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Can a civic pull a small trailer?

I have a 2002 honda civic. I completely understand that the civic is not built to pull a trailer, and that doing so would impact handling and breaking. However, it’s all I’ve got, and I don’t want to get something else just to occasionally pull a trailer. The load would be about 350 pounds including the trailer and the weight would be distributed properly. The ride would be mostly around 50-55 mph, not a lot of stop and go. What do you think - would it damage the car?



Why don’t you just rent a truck when you need it? Civics are not the best vehicle to install a trailer hitch.

350 pounds should not hurt anything…IF, IF you can properly install a hitch…There is not much to bolt it to…Your temperature gauge will let you know if it was a bad idea…

I’ve installed a hitch on most cars I’ve owned, even those that aren’t recommended for towing…great for bike racks etc. and “towing”. It’s like “Crocodile Dundee”; and that’s not a knife, now this is a real knife…350 lbs, now that isn’t towing.
Proper hitch installation for the proper tongue weight is your real problem. If it can’t be done appropriately…don’t do it.

Check your owner’s manual. I bet it says not to tow with your Civic. If it does, don’t tow with your Civic. When you need to haul things, rent a truck.

For those recommending not towing, what is the specific part of the car that it would hurt - the engine, transmission, suspension?

Before you can tow you need a hitch. See it you can find one for your Civic and what the cost is installed.

The automatic transmission in the Civic isn’t very robust. It holds up ok in the car but doesn’t handle stress well. Stress means lack of maintenance, running hot in the mountains, etc. People that put bike carriers on the top of their Civics and go blasting down the highway at 75 mph are more likely to have transmission problems.

If you get a hitch and stick with your 350 lbs (which is about lightest trailer I’ve ever heard of), stay under 60 mph, and don’t take the trailer into the mountains you might not hurt your car. What happens to many is once the hitch is on the car, the trailer gets either bigger, or gets overloaded and they end up towing much more than 350 lbs. Once you have the trailer you’ll tend to take it longer distances, on interstates, and up and down some hills. That’s when the car winds up dead on the side of the road.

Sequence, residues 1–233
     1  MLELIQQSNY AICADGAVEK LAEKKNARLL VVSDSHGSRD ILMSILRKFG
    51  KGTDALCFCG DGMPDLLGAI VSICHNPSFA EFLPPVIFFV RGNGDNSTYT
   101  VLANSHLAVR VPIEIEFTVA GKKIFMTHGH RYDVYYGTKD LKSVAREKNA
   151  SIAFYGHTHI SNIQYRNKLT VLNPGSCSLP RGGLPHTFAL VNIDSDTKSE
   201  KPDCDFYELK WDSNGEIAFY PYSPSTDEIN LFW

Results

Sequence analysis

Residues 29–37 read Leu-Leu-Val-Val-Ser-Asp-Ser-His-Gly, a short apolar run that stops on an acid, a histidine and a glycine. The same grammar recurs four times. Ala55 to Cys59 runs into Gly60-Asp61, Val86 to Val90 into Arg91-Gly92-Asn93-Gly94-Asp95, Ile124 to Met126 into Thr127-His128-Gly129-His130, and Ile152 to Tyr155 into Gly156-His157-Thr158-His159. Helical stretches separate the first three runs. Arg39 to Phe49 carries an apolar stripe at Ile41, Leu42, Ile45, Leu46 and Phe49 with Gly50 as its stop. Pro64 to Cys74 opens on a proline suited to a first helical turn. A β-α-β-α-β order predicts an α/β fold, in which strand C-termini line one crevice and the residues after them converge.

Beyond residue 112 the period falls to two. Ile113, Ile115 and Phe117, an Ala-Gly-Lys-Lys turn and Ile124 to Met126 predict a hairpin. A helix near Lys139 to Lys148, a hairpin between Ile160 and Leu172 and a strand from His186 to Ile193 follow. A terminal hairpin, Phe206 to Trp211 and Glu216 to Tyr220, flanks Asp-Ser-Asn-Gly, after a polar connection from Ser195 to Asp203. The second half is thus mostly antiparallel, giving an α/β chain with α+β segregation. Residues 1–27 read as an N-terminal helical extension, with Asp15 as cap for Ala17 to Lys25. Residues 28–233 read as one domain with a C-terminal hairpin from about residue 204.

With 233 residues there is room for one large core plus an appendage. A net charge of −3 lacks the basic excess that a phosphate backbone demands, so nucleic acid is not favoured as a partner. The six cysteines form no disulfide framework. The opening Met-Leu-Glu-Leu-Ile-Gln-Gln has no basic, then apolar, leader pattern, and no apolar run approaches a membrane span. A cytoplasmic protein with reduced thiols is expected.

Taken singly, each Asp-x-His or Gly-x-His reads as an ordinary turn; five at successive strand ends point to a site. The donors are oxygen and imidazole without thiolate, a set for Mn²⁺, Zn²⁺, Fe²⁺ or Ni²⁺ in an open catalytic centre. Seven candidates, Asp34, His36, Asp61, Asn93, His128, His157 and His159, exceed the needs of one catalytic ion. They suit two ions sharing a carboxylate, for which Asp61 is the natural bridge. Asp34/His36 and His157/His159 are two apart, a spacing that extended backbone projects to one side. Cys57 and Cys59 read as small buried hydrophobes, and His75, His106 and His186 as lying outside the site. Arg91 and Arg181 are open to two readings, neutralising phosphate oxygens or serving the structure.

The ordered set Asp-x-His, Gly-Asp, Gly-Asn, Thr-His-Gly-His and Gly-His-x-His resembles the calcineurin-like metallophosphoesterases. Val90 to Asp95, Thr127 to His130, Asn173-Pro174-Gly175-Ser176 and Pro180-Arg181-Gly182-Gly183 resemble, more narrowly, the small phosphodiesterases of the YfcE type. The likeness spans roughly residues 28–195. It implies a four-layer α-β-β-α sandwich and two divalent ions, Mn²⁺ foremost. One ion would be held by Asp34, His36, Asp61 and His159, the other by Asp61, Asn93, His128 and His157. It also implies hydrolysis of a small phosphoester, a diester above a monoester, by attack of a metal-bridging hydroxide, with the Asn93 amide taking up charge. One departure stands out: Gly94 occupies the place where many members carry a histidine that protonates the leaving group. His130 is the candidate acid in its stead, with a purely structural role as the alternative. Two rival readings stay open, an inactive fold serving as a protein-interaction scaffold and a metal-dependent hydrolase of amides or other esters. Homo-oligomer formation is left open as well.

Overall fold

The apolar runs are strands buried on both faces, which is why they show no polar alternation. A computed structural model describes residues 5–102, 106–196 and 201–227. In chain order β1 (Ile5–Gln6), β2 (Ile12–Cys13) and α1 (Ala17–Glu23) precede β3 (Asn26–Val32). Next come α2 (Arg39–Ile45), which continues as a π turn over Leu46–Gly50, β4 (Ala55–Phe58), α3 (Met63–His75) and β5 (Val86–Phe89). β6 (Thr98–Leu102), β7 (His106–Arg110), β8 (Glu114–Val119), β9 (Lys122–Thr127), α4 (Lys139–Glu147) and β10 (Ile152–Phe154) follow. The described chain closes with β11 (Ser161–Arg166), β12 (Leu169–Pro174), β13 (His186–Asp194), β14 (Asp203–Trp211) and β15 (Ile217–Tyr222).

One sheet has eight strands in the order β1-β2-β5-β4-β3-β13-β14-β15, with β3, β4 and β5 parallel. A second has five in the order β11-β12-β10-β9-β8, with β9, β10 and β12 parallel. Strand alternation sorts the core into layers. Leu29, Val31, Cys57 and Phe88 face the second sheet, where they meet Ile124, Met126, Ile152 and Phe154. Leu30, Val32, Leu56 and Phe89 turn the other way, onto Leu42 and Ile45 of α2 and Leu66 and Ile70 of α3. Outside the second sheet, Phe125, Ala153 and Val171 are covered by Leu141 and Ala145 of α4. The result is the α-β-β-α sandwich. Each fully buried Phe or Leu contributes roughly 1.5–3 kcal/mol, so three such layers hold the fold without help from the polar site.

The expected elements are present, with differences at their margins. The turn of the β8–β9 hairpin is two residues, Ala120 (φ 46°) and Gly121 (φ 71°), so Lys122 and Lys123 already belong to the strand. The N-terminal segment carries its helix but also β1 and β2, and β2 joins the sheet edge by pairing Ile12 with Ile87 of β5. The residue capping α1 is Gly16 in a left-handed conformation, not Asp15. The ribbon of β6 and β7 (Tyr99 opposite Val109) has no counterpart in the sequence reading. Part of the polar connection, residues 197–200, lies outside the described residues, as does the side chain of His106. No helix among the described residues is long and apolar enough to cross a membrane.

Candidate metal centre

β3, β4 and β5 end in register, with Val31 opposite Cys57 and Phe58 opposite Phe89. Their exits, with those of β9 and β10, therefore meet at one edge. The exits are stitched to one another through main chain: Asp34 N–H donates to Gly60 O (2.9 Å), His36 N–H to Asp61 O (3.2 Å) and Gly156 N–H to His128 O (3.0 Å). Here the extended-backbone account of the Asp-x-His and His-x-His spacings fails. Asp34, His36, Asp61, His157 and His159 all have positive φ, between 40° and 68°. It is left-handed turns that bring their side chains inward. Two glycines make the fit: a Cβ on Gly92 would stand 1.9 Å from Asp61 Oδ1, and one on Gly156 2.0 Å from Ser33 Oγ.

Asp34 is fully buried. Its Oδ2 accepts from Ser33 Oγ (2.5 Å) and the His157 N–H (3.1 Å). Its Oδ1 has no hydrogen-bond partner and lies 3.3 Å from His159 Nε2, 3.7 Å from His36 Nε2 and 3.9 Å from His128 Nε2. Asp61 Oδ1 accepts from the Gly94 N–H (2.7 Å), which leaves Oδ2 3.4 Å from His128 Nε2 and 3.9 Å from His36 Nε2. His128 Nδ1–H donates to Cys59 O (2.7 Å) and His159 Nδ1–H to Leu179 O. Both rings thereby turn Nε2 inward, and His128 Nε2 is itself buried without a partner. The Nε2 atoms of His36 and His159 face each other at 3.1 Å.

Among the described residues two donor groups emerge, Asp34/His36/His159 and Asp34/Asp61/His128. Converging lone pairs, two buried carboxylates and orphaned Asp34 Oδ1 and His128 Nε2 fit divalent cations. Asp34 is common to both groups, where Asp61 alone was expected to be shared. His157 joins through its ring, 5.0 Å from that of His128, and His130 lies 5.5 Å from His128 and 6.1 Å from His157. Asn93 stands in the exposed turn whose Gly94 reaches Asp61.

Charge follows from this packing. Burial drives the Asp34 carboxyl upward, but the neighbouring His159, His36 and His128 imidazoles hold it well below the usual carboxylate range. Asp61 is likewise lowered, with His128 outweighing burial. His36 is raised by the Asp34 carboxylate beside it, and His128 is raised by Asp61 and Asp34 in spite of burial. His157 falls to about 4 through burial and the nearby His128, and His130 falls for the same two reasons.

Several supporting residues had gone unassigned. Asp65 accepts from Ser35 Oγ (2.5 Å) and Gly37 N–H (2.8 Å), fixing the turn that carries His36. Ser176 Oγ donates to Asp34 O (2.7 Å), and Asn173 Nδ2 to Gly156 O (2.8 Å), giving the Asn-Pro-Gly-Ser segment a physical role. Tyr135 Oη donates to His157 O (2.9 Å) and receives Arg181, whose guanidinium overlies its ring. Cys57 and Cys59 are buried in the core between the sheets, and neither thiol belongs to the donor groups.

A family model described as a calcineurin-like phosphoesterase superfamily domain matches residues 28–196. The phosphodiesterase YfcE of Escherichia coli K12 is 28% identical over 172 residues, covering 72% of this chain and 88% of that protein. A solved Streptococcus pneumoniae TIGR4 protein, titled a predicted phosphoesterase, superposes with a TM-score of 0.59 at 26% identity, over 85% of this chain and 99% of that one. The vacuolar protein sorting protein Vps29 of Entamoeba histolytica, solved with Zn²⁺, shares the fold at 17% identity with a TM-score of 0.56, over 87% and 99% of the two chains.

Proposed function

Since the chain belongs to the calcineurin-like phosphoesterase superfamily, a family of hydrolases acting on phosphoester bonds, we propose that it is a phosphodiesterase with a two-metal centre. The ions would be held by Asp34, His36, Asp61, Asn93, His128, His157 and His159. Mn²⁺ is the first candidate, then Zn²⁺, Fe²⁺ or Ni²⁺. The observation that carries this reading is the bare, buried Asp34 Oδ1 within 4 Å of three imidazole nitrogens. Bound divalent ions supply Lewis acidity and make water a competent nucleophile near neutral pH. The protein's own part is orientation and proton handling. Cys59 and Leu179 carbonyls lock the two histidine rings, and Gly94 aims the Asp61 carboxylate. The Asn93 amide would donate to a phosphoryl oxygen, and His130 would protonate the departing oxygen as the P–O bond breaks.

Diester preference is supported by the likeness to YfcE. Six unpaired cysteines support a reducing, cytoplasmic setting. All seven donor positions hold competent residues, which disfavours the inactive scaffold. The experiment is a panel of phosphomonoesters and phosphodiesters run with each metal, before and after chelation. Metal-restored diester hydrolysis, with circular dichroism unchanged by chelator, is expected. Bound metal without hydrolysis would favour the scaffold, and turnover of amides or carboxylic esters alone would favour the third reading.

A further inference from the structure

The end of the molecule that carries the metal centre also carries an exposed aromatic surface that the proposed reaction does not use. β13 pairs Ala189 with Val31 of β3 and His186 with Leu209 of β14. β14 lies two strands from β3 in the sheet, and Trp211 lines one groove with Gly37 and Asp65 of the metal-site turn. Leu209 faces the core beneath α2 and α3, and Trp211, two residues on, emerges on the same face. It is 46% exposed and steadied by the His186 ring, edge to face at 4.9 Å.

If use your trailer you should have more cooling for the motor, more cooling for the transmission, and more robust CV joints, drive shafts, and brakes. The Civic needs upgrades of all these systems for and significant over the road towing.

Let’s assume you do have a hitch and 350 is the max including trailer you need to move. There’s nothing magically different on the strain of the drive train between towing and loading 350 lbs. of “lardos” in the back. I would argue that if the weight is kept within reason of 350 lbs, the fwd Civic would certainly be better balanced with just 10%-20% tongue weight and lower tire load. Again, this all assumes you can safety hand a hitch. 350 lbs, if I didn’t make myself clear, hasn’t quite reached the stage of towing IMO. If my old two stroke SAAB could do a 12’ aluminum with a motor in the trunk at about 500 lbs…this is fine.
BTW, don’t be seating those “lardos” in the back at the same time. Be considerate of total load capacity.

I would expect you to wear out your rear struts and experience a loss of traction on the front wheels, which do most of your braking. You should also expect premature transmission failure.

What I don’t understand is, if your owner’s manual says not to tow with your Civic, why isn’t that enough for you? Why do you need extra justification to follow Honda’s recommendations? Isn’t the fact that they designed and built the car enough to take it for granted that they know what is best for the car?

dagosa, I have a question.

If your total towed weight (including trailer) is 350 lbs., that must be a pretty small trailer with pretty small wheels. Would it not provide rolling resistance aside from its weight?